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How Are Wrongful Death Settlement Proceeds Divided in New Mexico?

Posted in Wrongful Death

In New Mexico, a family can file a wrongful death lawsuit after the preventable loss of a loved one’s life. The state’s definition of wrongful death is a death that is caused by someone else’s neglect, default or wrongful act. If a victim passes away in an avoidable accident, surviving family members may be eligible for financial compensation in the form of a wrongful death settlement. Find out how the proceeds from a settlement are divided among surviving family members and beneficiaries under state law.

How Are Wrongful Death Settlement Proceeds Divided in New Mexico?

Who Can File a Wrongful Death Claim in New Mexico?

In many states, the courts allow a deceased individual’s surviving loved ones and family members to file a wrongful death lawsuit. In New Mexico, however, this right is only given to the personal representative (also called the executor or administrator) of the deceased person’s estate. This party may be named in the decedent’s will or estate plan, or else the probate court will appoint someone to serve in this role. The personal representative must bring a legal cause of action within three years of the date of the deceased person’s death under New Mexico’s statute of limitations.

What Types of Compensation Are Available in a Wrongful Death Case?

If a wrongful death lawsuit succeeds in achieving an insurance settlement or judgment from a jury, the financial award could include amounts to cover specific losses suffered by both surviving family members and the decedent. These losses may include:

  • The money spent on a funeral or burial service
  • Medical expenses related to the decedent’s final illness or injury
  • Financial contributions that the decedent would have made had he or she lived
  • Lost contributions to the household
  • The value of the decedent’s companionship, guidance and counsel
  • The pain and suffering the decedent endured leading up to death
  • Mental anguish related to the loss of a parent, child or spouse

The amount received by an estate or surviving family members in a wrongful death lawsuit in New Mexico will vary based on the specific case. The factors that could affect settlement value are the decedent’s age and income, the actions of the defendant, and the insurance coverage available, among others.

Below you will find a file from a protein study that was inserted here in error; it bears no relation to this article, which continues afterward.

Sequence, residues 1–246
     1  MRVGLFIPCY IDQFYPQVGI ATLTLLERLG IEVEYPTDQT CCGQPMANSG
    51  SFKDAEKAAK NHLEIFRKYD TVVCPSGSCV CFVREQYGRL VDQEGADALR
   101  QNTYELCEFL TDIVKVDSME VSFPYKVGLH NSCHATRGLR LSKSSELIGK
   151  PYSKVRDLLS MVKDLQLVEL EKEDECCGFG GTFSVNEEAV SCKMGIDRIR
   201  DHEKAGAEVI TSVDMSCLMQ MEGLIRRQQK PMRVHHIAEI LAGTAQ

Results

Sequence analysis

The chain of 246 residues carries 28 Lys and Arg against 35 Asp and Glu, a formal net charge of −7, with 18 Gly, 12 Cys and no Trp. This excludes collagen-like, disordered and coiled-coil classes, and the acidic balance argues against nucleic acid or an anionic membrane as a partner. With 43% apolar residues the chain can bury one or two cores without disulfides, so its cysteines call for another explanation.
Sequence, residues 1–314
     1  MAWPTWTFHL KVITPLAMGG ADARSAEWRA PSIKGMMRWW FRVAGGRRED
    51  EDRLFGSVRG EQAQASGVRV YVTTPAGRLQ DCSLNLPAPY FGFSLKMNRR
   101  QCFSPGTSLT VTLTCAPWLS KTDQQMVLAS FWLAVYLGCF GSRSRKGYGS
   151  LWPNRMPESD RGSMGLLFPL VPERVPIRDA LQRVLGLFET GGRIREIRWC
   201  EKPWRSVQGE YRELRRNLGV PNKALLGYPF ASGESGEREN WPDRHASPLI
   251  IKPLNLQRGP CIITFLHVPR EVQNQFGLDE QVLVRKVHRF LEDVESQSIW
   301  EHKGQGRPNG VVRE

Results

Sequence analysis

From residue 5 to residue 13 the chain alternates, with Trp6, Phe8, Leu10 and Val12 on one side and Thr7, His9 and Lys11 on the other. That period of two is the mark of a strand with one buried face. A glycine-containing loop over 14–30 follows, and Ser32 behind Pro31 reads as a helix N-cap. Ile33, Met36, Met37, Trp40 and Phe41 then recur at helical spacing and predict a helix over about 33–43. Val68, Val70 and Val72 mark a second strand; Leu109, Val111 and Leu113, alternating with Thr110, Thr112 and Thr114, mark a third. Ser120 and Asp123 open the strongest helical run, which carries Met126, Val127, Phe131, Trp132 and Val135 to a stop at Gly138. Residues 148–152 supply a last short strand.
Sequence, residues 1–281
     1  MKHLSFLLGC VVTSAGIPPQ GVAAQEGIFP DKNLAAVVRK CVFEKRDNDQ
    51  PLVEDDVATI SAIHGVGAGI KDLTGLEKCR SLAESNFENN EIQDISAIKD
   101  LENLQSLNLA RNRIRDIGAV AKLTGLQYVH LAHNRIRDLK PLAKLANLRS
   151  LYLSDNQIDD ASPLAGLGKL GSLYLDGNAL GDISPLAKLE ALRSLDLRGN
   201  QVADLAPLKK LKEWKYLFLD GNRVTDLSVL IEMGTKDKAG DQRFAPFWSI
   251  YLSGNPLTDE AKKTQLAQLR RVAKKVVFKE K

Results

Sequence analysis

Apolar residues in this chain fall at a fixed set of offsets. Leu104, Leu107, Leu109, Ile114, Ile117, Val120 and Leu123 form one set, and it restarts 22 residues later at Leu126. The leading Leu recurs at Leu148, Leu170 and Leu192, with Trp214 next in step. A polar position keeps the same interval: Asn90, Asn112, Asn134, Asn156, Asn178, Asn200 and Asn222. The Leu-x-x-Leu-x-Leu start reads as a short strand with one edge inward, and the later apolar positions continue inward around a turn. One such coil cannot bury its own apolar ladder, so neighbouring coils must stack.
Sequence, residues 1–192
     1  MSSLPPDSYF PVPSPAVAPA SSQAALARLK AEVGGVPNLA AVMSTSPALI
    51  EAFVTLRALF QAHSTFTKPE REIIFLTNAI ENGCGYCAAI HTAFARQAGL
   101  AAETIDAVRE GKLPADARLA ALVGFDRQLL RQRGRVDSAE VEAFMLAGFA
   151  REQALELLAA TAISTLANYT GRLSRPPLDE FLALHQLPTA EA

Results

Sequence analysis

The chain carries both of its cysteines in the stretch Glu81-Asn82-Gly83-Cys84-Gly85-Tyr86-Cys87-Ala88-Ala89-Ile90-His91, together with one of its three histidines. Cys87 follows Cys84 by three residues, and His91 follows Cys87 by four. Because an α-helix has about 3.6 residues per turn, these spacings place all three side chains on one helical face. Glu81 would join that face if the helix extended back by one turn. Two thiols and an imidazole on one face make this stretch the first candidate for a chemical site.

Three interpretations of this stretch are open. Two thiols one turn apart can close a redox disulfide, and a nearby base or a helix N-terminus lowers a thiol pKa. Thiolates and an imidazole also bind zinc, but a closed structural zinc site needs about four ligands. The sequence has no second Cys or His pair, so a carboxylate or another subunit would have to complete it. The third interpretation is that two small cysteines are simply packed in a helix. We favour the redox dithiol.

How Are Wrongful Death Settlements Distributed?

According to New Mexico law, although it is the personal representative of the estate that files a wrongful death lawsuit, any financial compensation gained in the lawsuit will be held by the estate on behalf of surviving family members. It will be distributed among beneficiaries as follows:

  • If there is only a surviving spouse, he or she will keep the full financial recovery.
  • If there is a surviving spouse as well as surviving children (or grandchildren), half will go to the spouse and half will be divided among the children.
  • If there are only surviving children or grandchildren and no spouse, they will divide the compensation according to New Mexico’s right of representation law.
  • Parents. If there is no spouse, children or grandchildren – or if the decedent was a child under the age of 18 – surviving parents will receive the damages.
  • Siblings. If none of these parties exist, the damages will go to the deceased person’s siblings.

Whether the beneficiaries receive the wrongful death settlement as a lump-sum or structured settlement is up to the recipients. They can decide how they want to receive the payment before they sign the paperwork.

When to Contact a Wrongful Death Attorney

A wrongful death lawsuit in Albuquerque is a confusing type of case that may require counsel from an attorney. An Albuquerque wrongful death attorney can carefully investigate your case, help you collect evidence, negotiate with insurance companies on your behalf and take many other steps to advance your case during this difficult time. Your attorney can also help you understand how a settlement will be divided among surviving relatives. Speak to a lawyer today for more information.